Even though glycolic acid is made from sugar cane, the sugar you buy at the store is not quite the same. Rubbing your face with sugar can exfoliate the skin and leave it feeling smoother. But it's not going to give you the same results as glycolic acid treatment.

Choosing the Right Skin Treatment

The glycolic acid treatment you choose depends a lot on your skin type and what your end goals are. OTC products with glycolic acid might be enough to give you brighter, more healthy-looking skin. They might also be enough to prevent breakouts and reduce fine lines without the need for stronger pro peels.

Professional skin peels are a good option if you want to treat a specific skin issue. For example, professional peels can help with sun damage, dark spots, acne, or deeper wrinkles. They will give you greater results more quickly. But because these peels contain higher percents of glycolic acid, they carry a greater risk of irritation.

When choosing any glycolic acid treatment, the percent of glycolic acid it contains is just one factor to think about. The product's pH is the other. The more acidic a product is, the stronger and more effective it will be on your skin despite how much glycolic acid it contains.

Granted, most skincare products only list the percent of glycolic acid used. They are not required to list the pH, which makes it a bit harder to compare products.


OTC skin care products contain up to 10% glycolic acid and are a good option for daily skincare. Pro peels contain up to 70% glycolic acid. They can quickly reduce stubborn acne, deep wrinkles, and sun damage but are more likely to bother your skin.

How to Use Glycolic Acid Safely

In general, glycolic acid is very safe for your skin and works well. To keep your skin safe, though, there are a few things to know before using glycolic acid.

First and foremost, you must wear sunscreen whenever you are using glycolic acid treatments. Like all AHAs, glycolic acid can make your skin more sensitive to the sun. You don't want to undo all the good your glycolic acid is doing, nor do you want to end up sunburnt.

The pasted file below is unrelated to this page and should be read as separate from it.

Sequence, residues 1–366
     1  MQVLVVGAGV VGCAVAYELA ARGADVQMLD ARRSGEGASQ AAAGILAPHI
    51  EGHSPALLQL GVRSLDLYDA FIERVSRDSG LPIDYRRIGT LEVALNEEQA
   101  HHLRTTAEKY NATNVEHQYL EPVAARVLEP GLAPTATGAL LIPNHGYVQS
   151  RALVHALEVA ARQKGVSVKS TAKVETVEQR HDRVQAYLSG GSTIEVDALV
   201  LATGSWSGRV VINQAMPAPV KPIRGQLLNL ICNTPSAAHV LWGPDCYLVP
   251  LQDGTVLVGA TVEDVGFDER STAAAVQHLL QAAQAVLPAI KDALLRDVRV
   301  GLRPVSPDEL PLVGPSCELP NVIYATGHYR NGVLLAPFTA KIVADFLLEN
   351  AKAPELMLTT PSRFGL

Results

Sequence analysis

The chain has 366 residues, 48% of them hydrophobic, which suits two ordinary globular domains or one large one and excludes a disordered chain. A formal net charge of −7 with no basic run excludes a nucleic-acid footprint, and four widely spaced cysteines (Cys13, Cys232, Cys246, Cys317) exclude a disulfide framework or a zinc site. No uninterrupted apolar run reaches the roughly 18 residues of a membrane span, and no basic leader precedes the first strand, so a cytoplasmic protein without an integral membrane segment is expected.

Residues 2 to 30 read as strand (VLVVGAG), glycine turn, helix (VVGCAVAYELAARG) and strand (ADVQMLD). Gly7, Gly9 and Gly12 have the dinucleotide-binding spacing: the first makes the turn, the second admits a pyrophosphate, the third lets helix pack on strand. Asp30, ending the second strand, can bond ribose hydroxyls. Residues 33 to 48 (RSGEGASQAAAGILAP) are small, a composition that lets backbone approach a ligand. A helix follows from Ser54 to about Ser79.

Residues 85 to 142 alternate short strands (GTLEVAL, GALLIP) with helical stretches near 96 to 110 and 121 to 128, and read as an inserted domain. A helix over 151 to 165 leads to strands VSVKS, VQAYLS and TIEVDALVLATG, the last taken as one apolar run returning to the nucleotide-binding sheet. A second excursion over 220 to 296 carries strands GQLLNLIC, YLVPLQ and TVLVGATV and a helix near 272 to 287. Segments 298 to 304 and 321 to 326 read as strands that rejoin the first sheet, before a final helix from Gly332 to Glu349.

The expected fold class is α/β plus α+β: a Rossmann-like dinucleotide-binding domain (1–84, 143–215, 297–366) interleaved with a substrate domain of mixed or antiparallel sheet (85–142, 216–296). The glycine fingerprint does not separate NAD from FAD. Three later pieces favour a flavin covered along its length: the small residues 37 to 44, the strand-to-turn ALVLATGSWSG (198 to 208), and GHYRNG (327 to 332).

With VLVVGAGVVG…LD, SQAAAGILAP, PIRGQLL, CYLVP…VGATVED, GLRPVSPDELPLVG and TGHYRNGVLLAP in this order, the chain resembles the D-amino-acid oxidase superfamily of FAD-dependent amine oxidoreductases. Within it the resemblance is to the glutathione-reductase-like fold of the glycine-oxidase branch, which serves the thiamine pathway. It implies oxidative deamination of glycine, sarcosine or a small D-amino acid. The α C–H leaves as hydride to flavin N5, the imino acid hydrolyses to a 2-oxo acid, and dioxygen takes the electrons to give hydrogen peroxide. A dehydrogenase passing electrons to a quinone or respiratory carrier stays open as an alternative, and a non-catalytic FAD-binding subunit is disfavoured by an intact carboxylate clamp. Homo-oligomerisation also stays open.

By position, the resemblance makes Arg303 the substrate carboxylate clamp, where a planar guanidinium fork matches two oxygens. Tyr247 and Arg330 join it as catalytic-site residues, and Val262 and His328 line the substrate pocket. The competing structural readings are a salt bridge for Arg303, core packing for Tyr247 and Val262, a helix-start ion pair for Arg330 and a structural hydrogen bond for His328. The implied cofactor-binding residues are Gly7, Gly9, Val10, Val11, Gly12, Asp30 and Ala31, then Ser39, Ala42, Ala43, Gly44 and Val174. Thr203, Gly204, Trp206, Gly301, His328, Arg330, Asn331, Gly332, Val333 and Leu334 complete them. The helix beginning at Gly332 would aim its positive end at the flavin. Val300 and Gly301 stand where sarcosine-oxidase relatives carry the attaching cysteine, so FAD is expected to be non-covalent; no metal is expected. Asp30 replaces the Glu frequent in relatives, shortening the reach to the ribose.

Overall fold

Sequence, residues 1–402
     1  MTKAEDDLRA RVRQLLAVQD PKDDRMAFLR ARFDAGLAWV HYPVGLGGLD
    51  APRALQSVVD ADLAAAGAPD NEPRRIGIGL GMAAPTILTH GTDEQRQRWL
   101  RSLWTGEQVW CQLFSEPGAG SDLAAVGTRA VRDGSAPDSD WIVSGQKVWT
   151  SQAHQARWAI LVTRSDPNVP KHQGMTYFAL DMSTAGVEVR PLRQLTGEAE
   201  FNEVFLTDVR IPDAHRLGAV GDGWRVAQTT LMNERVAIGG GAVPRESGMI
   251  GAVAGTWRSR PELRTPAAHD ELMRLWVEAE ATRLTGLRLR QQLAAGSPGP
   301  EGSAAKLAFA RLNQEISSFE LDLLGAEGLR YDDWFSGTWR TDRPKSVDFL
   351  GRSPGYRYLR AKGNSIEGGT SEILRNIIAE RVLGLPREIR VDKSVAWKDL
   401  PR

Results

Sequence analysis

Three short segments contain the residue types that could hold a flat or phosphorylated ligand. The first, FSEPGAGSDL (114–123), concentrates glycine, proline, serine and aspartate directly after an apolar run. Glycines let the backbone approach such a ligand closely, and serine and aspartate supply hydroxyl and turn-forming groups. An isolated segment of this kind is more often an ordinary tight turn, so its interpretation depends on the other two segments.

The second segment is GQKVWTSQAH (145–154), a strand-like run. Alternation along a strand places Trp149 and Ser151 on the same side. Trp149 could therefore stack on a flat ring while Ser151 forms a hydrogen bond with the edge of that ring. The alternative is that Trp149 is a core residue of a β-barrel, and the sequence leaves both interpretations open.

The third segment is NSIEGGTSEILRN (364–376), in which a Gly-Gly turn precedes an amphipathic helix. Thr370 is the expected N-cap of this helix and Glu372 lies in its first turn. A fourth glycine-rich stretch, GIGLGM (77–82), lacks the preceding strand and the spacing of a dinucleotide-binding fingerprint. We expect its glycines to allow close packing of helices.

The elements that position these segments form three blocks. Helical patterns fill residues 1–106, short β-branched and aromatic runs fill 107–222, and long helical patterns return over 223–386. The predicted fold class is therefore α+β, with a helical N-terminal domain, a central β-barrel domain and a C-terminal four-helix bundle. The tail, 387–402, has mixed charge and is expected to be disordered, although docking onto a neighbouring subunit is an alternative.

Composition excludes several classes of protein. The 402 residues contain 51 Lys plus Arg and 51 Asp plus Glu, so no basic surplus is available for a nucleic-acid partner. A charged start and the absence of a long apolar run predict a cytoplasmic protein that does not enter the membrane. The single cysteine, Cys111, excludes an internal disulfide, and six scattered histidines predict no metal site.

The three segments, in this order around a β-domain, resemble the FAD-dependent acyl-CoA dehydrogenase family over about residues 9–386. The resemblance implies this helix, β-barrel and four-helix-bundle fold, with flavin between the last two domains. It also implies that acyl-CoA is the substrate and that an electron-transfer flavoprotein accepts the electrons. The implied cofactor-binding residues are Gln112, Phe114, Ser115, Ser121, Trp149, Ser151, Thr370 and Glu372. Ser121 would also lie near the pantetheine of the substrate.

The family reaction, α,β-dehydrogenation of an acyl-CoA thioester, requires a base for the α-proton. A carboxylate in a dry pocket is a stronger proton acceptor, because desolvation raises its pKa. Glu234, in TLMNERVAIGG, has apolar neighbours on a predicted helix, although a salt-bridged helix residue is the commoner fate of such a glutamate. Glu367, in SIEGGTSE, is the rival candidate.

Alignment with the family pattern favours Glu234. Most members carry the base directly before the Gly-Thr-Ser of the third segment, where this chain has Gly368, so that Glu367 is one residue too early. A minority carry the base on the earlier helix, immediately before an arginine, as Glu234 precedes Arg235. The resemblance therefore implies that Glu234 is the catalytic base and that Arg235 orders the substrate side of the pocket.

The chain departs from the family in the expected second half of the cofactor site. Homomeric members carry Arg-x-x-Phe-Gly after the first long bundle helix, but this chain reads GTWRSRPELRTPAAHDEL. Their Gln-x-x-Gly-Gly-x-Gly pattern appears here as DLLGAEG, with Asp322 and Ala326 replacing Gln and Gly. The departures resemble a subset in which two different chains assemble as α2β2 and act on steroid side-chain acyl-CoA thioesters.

Allow your skin to get used to glycolic acid. If you are using an OTC product, start off by applying it just three times per week for a week or so. If your skin isn't red or irritated, try using it four times a week for a week or two.

Keep slowly building up use this way until you're able to use it every day. If at any point your skin becomes irritated, give your skin a rest before trying again.

For in-office or in-salon peels, you will likely start off with a lower amount of glycolic acid. If your skin tolerates that well, you will most likely be bumped up to higher strengths for your next peels.

Your skin may feel a bit rough after your first few treatments. This is normal and just means that the glycolic acid is working. Unless your skin is irritated, keep using your glycolic acid product. You should slowly start to see smoother, more healthy skin.

Don't use glycolic acid, even OTC products, if you are currently using topical retinoids, like Retin-A (tretinoin) or Differin (adapalene), Accutane (isotretinoin), or any products that rapidly exfoliate the skin.

Most importantly, if you're under a dermatologist's care, make sure you get their OK before using any glycolic acid product or having a peel done.